Low and high clouds

The effect of clouds on the surface temperature can be illustrated using the heuristic example given below. The models described here are over-simplified, but nevertheless serve to illustrate the main principle of the role of low and high clouds. The difference between these two types is important for the models of solar-terrestrial links, including the hypothesis proposed by Svensmark and Friis-Christensen (1997).

A simple model based on energy balance considerations and a given atmospheric lapse rate (rate of change of temperature with height r = dT/dz) is derived below. The equations are based on radiative energy balance from the schematic diagrams for low and high clouds shown in Figure 7.2.

The cloud top of low clouds may be assumed to have similar temperature to the ground, Tct « Ts + Tz, z « 0. Tct is the temperature of the cloud top and Ts is the surface temperature. Using this approximation and re-arranging equation (7.1), the surface temperature can be expressed in terms of the TSI and albedo:

Thus, the effect of low clouds on the surface temperature can be inferred from the difference between the emission temperatures derived from a cloud-

t"t4 tt4

free ocean surface and an ocean surface covered by low clouds (equation (7.2)).

The albedo for cloud tops is assumed to be Act = 0.5, whereas the ocean surface reflects less radiation, Aoce=0.1. The solar constant is taken as 1370 Wm-2, and the Stefan-Boltzmann constant is a = 5.67 x 10-8Wm-2 K-4. Hence, the effect of the low clouds compared to cloud-free ocean surface is to reduce the surface temperature: ATs(low) « — 37 K. This estimate is clearly unrealistically high," but nevertheless points to the importance of the clouds.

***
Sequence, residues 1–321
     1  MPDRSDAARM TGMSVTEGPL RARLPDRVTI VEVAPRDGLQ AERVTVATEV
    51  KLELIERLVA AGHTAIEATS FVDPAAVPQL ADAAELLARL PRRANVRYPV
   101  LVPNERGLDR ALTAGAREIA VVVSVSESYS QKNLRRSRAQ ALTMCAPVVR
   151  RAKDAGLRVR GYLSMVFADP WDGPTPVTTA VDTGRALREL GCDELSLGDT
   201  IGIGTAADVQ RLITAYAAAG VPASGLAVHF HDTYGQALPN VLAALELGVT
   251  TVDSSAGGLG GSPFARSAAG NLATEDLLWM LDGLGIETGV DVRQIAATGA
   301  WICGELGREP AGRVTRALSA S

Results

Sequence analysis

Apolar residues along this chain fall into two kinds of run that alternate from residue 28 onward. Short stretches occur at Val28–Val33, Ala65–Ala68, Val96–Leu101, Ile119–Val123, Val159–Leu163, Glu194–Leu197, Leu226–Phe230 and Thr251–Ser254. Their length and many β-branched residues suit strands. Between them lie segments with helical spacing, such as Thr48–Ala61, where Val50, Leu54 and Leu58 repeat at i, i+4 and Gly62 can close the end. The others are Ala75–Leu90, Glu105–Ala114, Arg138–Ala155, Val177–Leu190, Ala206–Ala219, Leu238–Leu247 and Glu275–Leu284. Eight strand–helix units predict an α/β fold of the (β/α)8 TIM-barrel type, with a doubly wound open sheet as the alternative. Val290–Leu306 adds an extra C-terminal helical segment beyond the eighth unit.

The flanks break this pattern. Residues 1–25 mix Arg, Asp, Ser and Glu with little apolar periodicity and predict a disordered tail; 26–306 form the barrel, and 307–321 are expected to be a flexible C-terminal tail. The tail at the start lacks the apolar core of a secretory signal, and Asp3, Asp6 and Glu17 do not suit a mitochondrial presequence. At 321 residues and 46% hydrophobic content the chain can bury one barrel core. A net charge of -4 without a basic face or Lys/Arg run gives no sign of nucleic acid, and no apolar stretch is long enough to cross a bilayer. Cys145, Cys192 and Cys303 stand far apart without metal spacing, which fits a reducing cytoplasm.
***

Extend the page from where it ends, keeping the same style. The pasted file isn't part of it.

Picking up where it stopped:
For high clouds, the cloud top temperature is substantially lower than the surface temperature.

The long-wave radiation emitted to space by the clouds (aT^) is equal to the amount directed back to Earth's surface. It is assumed that the cloud does not absorb solar radiation, and the only source of energy for the cloud is therefore long-wave radiation from Earth's surface (aT4):

A radiative equilibrium between the insolation and Earth's black body radiation can be expressed as:

By using equation (7.3), the cloud top temperature can be substituted by the surface temperature:

The estimated effect of high clouds on the surface temperature is:

This estimate is of course a crude simplification, but serves as a simple demonstration of why the high clouds are believed to have a warming effect on the surface.

a The radiative forcing is just one of several factors affecting the surface temperature.

Figure 7.2. Schematic diagrams illustrating the different effects that low and high clouds have on the surface temperature.

The effect of radiative forcing associated with variations in the cloud cover depends on the cloud height. Low clouds tend to cool the surface because more solar energy is reflected back to space than upwelling long-wave radiation is absorbed and re-emitted back down to Earth. High clouds, on the other hand, increase the surface temperature (Ts) because the enhanced greenhouse effect is stronger than the albedo effect. Another factor playing a role is the number of cloud drops, as many small cloud drops have higher effective surface area than few large drops, given the same amount of water. Cloud thickness is also a factor affecting the radiation balance, with thick clouds being more important than thin clouds.

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